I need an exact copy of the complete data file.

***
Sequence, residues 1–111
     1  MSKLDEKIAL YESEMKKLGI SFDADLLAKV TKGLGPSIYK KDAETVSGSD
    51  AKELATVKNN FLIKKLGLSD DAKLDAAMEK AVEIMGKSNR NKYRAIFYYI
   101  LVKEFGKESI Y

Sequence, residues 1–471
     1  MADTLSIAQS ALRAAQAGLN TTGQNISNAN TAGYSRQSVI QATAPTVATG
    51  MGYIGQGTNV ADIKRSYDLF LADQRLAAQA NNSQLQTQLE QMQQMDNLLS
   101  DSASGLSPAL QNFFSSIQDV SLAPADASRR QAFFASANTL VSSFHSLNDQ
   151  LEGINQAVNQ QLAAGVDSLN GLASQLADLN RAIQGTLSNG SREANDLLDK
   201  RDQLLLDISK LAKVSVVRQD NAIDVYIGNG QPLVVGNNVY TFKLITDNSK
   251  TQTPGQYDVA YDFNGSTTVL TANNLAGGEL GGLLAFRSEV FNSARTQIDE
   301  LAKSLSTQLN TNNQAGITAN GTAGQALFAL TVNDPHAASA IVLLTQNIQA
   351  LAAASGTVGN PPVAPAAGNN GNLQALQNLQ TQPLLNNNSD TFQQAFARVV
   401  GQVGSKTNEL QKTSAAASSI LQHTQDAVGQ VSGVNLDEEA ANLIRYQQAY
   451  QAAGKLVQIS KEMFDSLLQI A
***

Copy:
Sequence, residues 1–111
     1  MSKLDEKIAL YESEMKKLGI SFDADLLAKV TKGLGPSIYK KDAETVSGSD
    51  AKELATVKNN FLIKKLGLSD DAKLDAAMEK AVEIMGKSNR NKYRAIFYYI
   101  LVKEFGKESI Y

Sequence, residues 1–471
     1  MADTLSIAQS ALRAAQAGLN TTGQNISNAN TAGYSRQSVI QATAPTVATG
    51  MGYIGQGTNV ADIKRSYDLF LADQRLAAQA NNSQLQTQLE QMQQMDNLLS
   101  DSASGLSPAL QNFFSSIQDV SLAPADASRR QAFFASANTL VSSFHSLNDQ
   151  LEGINQAVNQ QLAAGVDSLN GLASQLADLN RAIQGTLSNG SREANDLLDK
   201  RDQLLLDISK LAKVSVVRQD NAIDVYIGNG QPLVVGNNVY TFKLITDNSK
   251  TQTPGQYDVA YDFNGSTTVL TANNLAGGEL GGLLAFRSEV FNSARTQIDE
   301  LAKSLSTQLN TNNQAGITAN GTAGQALFAL TVNDPHAASA IVLLTQNIQA
   351  LAAASGTVGN PPVAPAAGNN GNLQALQNLQ TQPLLNNNSD TFQQAFARVV
   401  GQVGSKTNEL QKTSAAASSI LQHTQDAVGQ VSGVNLDEEA ANLIRYQQAY
   451  QAAGKLVQIS KEMFDSLLQI A